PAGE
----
Anyone who is involved in an annual pump test should limit the time spent around, and specifically at the side of any diesel engine.
We can prevent premature engine failures due to overheating.
Record more information and require a longer run time during the annual flow test.
During the annual flow test, the pump should operate at 150 percent of rated flow point for 45 minutes, but not less than the time it takes for the engine temperature to stabilize plus 15 minutes. At the end of the 150 percent flow time period, with the engine still running, the following should be recorded for historical comparison from year-to-year to determine if there is a performance deterioration of the cooling system:
Record the engine water temperature. The closer the temperature is to 180 degrees F the better the raw water system is performing. The closer it is to 200 degrees F is an indication of a failing system.
Record the pressure in the raw cooling water loop, with the primary system open. Record it again with only the bypass leg open and then again with both systems legs open.
All three pressures should be about the same. If one side is lower than the other, there may be partial blockage of the strainer and/or the regulator, or the regulator could be malfunctioning. If the pressure is markedly greater with both legs open, both the strainers and/or regulators may be partially blocked, or the strainers and regulators are just too small.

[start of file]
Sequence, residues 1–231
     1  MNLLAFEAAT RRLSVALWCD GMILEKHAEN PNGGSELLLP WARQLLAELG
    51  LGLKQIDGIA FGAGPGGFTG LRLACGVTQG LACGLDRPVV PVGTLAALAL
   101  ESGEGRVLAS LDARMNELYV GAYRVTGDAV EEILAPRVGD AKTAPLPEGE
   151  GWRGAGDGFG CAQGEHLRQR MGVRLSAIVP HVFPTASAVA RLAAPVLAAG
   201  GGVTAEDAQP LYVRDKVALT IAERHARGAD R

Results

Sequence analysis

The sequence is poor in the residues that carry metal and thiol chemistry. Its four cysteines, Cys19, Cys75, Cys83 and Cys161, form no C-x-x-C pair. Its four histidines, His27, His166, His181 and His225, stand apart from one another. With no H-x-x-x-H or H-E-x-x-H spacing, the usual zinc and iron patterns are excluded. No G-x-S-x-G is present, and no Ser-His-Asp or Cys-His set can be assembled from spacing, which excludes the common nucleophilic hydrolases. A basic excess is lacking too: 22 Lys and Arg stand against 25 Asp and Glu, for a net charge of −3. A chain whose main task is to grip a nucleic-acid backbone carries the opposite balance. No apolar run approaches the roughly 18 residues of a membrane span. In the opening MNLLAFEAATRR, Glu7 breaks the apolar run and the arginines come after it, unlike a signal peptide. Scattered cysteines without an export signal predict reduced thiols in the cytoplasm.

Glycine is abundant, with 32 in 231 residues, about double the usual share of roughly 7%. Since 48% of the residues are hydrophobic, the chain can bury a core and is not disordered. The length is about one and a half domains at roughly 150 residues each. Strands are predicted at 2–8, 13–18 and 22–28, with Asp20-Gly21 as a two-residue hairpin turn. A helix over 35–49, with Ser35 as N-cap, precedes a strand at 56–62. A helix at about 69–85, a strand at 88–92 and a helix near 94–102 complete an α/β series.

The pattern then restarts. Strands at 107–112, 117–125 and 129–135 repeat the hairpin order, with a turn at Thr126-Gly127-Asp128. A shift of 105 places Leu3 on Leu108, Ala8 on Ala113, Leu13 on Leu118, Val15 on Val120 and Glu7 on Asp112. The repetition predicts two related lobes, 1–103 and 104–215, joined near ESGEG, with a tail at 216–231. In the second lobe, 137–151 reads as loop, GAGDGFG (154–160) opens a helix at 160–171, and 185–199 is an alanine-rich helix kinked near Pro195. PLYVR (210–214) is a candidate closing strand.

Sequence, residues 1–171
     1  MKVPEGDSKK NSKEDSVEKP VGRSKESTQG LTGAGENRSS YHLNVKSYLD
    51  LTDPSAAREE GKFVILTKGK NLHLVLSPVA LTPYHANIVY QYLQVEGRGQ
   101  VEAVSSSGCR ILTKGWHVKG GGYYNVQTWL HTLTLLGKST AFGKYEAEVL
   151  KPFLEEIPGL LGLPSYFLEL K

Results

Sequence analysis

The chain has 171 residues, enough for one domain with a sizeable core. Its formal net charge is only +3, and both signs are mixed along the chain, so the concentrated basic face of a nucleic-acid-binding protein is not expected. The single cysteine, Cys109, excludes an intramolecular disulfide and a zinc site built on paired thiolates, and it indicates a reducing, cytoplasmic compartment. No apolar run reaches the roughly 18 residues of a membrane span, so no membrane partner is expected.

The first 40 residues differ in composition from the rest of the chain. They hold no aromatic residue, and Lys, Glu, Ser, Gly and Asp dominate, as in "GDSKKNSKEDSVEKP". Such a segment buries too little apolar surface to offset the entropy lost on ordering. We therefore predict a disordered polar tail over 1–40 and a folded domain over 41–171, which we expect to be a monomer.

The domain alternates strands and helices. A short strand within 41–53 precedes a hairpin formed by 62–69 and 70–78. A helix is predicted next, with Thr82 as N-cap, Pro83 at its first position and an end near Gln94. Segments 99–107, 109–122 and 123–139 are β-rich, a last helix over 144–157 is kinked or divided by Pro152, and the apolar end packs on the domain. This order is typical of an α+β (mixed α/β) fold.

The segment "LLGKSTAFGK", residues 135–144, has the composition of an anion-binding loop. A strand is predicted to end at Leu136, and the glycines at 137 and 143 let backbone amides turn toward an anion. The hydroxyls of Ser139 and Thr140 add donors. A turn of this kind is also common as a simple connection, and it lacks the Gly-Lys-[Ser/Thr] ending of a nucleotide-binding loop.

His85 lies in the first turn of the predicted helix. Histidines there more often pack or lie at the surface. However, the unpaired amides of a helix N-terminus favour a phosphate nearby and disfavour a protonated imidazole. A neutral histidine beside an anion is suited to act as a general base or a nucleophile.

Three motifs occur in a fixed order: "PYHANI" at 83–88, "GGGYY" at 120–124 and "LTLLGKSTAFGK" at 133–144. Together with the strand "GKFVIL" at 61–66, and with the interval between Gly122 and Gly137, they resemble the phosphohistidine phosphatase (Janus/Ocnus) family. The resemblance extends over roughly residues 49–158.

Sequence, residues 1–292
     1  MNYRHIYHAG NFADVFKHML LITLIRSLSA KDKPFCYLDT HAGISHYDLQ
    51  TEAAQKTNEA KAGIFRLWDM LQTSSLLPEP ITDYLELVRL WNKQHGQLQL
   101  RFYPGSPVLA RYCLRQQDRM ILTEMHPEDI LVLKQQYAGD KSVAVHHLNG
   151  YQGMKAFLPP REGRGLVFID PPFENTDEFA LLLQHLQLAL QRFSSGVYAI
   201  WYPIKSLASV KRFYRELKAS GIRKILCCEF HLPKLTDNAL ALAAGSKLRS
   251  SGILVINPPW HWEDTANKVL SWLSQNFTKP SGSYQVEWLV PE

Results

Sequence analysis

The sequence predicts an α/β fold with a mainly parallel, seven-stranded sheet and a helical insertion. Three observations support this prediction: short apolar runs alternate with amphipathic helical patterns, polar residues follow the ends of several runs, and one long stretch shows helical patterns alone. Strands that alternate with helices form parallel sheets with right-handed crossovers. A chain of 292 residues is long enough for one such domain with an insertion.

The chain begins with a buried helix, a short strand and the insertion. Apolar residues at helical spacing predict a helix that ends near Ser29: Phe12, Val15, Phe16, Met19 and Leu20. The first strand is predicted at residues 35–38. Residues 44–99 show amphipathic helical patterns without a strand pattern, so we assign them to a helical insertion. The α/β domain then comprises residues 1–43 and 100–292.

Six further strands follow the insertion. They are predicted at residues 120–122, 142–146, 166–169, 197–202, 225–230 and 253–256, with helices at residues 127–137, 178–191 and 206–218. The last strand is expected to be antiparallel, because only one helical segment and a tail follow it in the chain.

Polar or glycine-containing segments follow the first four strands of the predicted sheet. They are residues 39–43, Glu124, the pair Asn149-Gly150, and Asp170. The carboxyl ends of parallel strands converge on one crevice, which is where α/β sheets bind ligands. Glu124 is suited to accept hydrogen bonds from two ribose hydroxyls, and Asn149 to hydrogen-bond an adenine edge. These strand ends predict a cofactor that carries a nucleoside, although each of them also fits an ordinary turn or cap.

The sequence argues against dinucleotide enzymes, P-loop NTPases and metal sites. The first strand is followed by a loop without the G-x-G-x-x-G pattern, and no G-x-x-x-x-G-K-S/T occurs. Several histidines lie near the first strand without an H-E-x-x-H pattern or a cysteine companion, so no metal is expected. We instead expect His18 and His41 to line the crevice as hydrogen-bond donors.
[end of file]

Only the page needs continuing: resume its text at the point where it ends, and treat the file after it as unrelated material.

Record the pressure in the raw cooling water cooling loop while the pump is at 100 percent flow point and compare it with the pressure at the 150 percent flow point.
If the pressure is more than three psi lower at the 150 percent test point, the raw cooling water supply piping and/or connection to the system is either undersized or it is being restricted by some type of obstruction.
The following preventive actions should be completed:
1. The strainers should be disassembled and inspected (not just blown down) before each weekly churn test.
2. During the weekly churn test, each engine should be started several different ways while the ECM switch is on the backup ECM. Caution: Do not change the ECM switch while the engine is running.
3. During the weekly churn test and the annual pump flow test visually inspect the raw cooling water outlet at the floor drain several times to determine if there is reduced flow from the previous flow test. 4. Install a means to sound an alarm if the raw water flow is reduced more than 75 percent of cooling water requirement.
If a raw water flow alarm is not installed, every three years the engine heat exchanger should be internally inspected.
If the heat exchanger is a welded design and cannot be internally inspected, it should be removed and the raw water side vigorously flushed in the reverse direction to normal flow.